Chicken Republic explains what happened to the dancing security guards
Chicken Republic, a leading fast food restaurant in Nigeria, reacted to the outrage at reports that two of his security guards seen dancing in a viral video were sacked.
The clip, which appears to have caused some excitement among Nigerians on social media, captured the two guards, complete with their uniforms, dancing beautifully as they were on duty at one of the Chicken Republic stores.
reports, including social media videossuggested that the two guards had been fired, with some angry Nigerians publicly offering to provide them with another job.
Some Nigerians said Chicken Republic could have done better by using the clip to market their brand.
But Chicken Republic denied on Friday that the two guards had been fired.
“It’s disappointing that some people feel like Chicken Republic fired these security guards for dancing in our stores, that’s not true, and therefore we need to set the record straight,” the company said in a statement on Twitter.
The guards are officials from a private security company to which Chicken Republic has outsourced its security services, the company said.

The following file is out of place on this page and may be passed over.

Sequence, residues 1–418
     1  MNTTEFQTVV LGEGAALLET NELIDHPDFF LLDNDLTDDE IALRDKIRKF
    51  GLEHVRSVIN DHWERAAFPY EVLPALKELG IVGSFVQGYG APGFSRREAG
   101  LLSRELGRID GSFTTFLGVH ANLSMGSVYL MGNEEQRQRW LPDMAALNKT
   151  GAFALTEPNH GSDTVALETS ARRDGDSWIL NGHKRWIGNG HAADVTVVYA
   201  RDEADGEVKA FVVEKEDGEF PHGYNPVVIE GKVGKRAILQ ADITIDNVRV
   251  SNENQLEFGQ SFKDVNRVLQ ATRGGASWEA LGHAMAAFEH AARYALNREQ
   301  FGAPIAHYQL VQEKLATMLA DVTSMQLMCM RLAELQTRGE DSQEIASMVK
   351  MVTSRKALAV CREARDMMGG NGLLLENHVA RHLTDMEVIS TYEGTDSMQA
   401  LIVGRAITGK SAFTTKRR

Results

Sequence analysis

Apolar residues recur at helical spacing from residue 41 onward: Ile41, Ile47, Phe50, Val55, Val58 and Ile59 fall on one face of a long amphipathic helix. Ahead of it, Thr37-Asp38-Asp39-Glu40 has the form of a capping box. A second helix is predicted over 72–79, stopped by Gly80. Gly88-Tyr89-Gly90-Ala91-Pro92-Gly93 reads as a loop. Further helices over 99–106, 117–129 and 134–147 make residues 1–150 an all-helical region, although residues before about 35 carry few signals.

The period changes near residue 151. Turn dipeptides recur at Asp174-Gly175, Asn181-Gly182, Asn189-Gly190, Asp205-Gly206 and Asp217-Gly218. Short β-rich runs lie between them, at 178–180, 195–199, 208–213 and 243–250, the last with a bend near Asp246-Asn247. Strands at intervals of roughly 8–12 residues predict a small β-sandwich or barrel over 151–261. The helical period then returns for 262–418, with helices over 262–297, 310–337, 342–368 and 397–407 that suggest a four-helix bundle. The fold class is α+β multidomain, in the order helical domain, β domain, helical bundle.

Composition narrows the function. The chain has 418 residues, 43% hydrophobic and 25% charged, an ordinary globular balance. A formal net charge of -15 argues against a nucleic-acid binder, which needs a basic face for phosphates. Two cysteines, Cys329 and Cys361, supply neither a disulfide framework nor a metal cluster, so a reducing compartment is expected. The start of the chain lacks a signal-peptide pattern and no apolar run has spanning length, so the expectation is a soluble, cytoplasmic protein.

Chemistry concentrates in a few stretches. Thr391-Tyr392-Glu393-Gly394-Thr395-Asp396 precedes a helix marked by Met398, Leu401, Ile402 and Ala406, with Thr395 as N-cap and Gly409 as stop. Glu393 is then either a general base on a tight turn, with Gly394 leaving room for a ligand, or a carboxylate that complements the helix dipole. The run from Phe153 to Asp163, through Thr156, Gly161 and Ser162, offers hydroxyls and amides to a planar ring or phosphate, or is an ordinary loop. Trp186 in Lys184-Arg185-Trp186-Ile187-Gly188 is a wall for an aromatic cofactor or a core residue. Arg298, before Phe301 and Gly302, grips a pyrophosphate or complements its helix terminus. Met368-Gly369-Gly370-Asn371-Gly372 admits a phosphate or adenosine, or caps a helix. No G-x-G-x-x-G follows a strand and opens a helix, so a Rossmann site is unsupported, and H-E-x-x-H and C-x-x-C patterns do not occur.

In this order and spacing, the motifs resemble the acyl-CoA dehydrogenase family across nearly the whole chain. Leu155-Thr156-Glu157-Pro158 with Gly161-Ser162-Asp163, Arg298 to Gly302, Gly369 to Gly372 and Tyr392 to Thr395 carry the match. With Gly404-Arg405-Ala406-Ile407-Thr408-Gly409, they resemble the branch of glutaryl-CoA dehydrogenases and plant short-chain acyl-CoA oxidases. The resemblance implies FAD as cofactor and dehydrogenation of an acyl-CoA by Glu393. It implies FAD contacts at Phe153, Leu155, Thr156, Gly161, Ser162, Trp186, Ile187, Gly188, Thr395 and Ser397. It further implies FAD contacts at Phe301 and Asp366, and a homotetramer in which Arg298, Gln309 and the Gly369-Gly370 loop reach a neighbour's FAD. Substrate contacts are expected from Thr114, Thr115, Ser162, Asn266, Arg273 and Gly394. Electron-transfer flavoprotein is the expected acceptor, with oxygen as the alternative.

“When the management of the private security company saw the two security guards dancing in the video, they were concerned that the security guards, while dancing, were not necessarily carrying out their duties responsibly and, as as such, were probably not fully focused on their primary responsibility, which is your safety and security.
“There are always many sides to every story, and as a company, we take your feedback very seriously.
“We followed up with the security company, and they assured us that the security guards weren’t fired, were paid, and were offered refresher training,” Chicken Republic said, in the press release.
Chicken Republic said it was in close communication with the security company and assured Nigerians it would ensure the two guards “are treated fairly and with respect”.
“As a company, Chicken Republic encourages all staff to have fun at work, and it shows in the many songs, dances and ‘Nice, Nice!’ chants that you will often hear in our stores, as you frequent them,” the statement read.
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